Beavers saved from Chevron's Willard Bay diesel spill have long road to recovery

OGDEN, Utah (ABC 4 News) – The clean up of a Chevron diesel fuel spill near Willard Bay continues as is the care and recovery of six beavers that were caught in the spill.
OGDEN, Utah (ABC 4 News) – The clean up of a Chevron diesel fuel spill near Willard Bay continues as is the care and recovery of six beavers that were caught in the spill.

The Wildlife Rehabilitation Center of Northern Utah has taken in the sick beavers. Three were captured just days after the spill and three others were just brought in a couple days ago. Those brought in just after the spill are making a quick recovery.

Dalyn Erickson-Marthaler owner of the Wildlife Rehabilitation Center of Northern Utah said, “At this point with the progression, the way they’re behaving and eating on their own things are going as expected. So we’re feeling pretty confident the initial three will be going back into the wild.”

The same can not be said for the three young beavers just brought in a couple of days ago. The young beavers have deep open wounds, burns on their skin and are continually losing their fur.

“We have them on pain management right now,” explained Erickson-Marthaler. “We are giving them antibiotics to treat for secondary infections.”

All six beavers are taken out their cages three times a day to swim in the water for an hour. It also gives the volunteers a chance to track their recovery. Now when the beavers first came in, the baths were just as hard on the beavers as the volunteers.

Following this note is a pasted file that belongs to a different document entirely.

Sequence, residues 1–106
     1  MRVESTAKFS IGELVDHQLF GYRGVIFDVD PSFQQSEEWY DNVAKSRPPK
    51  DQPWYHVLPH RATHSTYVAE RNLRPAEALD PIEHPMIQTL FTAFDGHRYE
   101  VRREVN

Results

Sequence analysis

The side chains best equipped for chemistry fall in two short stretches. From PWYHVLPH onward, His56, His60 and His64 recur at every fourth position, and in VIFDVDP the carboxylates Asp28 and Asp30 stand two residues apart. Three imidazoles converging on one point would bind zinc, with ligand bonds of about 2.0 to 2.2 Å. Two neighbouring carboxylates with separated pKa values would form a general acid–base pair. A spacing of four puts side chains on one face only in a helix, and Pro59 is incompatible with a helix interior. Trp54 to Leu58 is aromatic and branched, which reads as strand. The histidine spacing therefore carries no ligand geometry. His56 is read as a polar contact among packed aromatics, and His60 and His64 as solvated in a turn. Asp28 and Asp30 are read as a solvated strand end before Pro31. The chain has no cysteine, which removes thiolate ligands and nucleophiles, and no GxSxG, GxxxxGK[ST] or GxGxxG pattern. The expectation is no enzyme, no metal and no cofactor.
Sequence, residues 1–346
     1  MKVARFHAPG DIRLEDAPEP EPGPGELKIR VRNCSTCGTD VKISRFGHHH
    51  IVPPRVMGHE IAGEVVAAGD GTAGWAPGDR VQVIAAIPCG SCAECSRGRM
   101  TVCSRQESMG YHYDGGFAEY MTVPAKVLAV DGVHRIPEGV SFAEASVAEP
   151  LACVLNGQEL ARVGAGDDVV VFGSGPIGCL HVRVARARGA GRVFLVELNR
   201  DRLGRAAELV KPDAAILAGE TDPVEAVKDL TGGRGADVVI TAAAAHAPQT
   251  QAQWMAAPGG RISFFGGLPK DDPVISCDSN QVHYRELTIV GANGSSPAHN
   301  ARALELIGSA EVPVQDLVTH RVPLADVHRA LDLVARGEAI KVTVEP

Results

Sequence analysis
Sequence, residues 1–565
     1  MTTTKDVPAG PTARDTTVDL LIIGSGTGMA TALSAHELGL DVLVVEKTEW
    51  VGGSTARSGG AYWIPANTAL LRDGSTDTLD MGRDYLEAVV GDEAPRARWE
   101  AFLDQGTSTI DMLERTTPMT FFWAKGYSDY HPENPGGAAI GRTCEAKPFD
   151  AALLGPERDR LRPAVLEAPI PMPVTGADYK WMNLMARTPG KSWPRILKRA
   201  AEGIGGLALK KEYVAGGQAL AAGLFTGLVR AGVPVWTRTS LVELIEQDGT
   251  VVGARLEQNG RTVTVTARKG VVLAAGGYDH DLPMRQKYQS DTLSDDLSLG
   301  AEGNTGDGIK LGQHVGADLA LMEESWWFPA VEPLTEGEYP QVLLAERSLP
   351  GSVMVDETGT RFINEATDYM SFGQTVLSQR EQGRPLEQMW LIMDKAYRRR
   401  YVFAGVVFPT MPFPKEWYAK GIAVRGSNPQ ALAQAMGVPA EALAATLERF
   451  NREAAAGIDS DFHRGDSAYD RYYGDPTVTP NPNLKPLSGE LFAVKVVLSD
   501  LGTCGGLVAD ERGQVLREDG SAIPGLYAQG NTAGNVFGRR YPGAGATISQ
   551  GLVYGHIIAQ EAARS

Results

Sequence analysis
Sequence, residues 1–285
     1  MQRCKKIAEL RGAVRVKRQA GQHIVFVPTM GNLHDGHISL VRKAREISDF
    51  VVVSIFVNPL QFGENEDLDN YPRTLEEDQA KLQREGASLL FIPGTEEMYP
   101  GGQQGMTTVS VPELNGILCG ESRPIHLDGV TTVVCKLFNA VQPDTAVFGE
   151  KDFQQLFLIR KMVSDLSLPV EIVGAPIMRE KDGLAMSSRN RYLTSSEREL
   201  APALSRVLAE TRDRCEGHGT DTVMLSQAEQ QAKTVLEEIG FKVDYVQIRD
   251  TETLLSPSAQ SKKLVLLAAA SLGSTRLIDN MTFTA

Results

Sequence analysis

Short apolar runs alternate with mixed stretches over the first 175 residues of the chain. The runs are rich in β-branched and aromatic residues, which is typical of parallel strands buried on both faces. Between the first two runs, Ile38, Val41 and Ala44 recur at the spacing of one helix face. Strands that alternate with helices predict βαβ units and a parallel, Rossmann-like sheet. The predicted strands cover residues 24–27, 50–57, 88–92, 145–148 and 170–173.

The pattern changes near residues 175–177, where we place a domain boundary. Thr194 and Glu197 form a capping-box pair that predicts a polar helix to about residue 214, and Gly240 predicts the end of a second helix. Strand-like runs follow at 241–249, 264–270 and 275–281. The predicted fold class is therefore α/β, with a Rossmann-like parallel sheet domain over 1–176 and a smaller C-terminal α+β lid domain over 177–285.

“When the first three initially came in just because the diesel was so wet and so fresh, the fumes were tremendous and so all the volunteers that night went home with headaches, body aches and flu-like symptoms,” said Erickson-Marthaler.

So it’s hard to imagine what it must have been like for the animals that couldn’t get away from the fuel.

Erickson-Marthaler said, “They were forced to swim in it, to eat it, to drink it. There was no where that wasn’t contaminated.”

Thursday afternoon Chevron walked into the Wildlife Rehabilitation Center and gave them a check to help with the beaver’s recovery. The money from the fuel company should cover the costs but due to the around-the-clock care the beavers have to receive the rehabilitation center has had to cancel its yearly fundraiser. They’re still looking for volunteers to help out as well as freshly-cut Aspen and Cottonwood branches.

If you would like to help contact the Wildlife Rehabilitation Center of Northern Utah log on to: http://wrcnu.org/
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